In a widely anticipated move, the Federal Reserve announced today it would raise the federal funds rate by 25bps to a range of 1.25% - 1.50%. The committee cited continued strength in the labor market and rising economic growth as the deciding factors in today’s announcement.

The committee expects that inflation will remain below its 2% target in the near term, but stabilize at 2% over the medium term. While acknowledging hurricane-related disruptions and rebuilding may have impacted short-term economic activity, participants believe the economy will continue to expand at a moderate pace and labor markets will remain strong over the medium term

With regards to interest rates, revised projections for year-end federal funds rates suggests three rate hikes in 2018. Participants continue to remain data dependent, monitoring inflation, economic activity, labor market strength, readings on financial conditions and international developments.

In addition, the Fed will continue to reduce its balance sheet at a monthly pace of $6 billion in treasuries and $4 billion in mortgage-backed securities through December. Effective January, the pace will increase to a cap of $20 billion per month, in line with expectations.

The committee seems to be positive on the economy and believes that the impact of fiscal stimulus will feed through to investment spending and consumption; growth was revised upwards in 2018 to 2.5% from 2.1%. The unemployment rate was revised lower from 4.1% to 3.9%, in line with recent labor market expectations. Surprisingly, inflation expectations remained unchanged despite the more bullish outlook on economic growth, likely due to recent weakness in inflation.

Overall, interest rate projections remained stable for next year and growth was revised upward. This was a largely expected, but may be interpreted as a slightly hawkish outcome. In addition, it is important to note that there will be a lot of change at the Federal Reserve in 2018, with a new Federal Reserve chair taking over in February and a number of committee members rotating out of their voting positions. We believe the Fed in 2018 will be slightly more hawkish than it is now, but the changing of the guard is something investors may want to watch next year.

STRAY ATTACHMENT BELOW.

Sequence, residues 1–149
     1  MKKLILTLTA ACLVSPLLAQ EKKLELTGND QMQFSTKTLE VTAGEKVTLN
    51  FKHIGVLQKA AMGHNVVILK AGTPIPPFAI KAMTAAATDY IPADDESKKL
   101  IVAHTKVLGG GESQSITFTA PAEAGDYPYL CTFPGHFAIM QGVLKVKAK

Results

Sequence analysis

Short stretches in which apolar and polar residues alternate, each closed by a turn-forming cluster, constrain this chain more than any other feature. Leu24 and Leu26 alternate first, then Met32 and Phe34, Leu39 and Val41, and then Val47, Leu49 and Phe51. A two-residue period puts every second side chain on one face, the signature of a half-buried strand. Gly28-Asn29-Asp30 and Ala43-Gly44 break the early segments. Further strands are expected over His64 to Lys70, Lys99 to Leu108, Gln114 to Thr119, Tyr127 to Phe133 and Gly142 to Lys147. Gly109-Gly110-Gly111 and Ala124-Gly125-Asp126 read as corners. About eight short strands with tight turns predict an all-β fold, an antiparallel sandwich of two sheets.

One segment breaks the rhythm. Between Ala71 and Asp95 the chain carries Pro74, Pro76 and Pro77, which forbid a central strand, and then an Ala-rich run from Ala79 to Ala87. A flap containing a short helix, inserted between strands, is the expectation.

FOMC December 2017 Forecasts *

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Source: Federal Reserve, J.P. Morgan Asset Management. Data as of December 13, 2017

*Forecasts of 16 FOMC participants, median estimate

** Green denotes an adjustment higher, red denotes an adjustment lower

Both short- and long-term bond yields fell slightly in reaction to the FOMC statement and Janet Yellen’s press conference. The S&P 500 finished slightly lower, with telecom outperforming and financials lagging, although movement may be attributed to tax reform anticipation. While today’s meeting went largely as expected, the path laid out for interest rates and the balance sheet, combined with a weaker dollar, the probable outcome of fiscal policy and tighter central banks overseas, should apply more upward pressure on long-term bond yields than what seems priced into the market today. The continuation of strong economic and earnings growth should continue supporting the equity market, but investors should look beneath the surface and distinguish between sectors that are helped by rising yields (such as financials) versus those that may react negatively to them (such as utilities).


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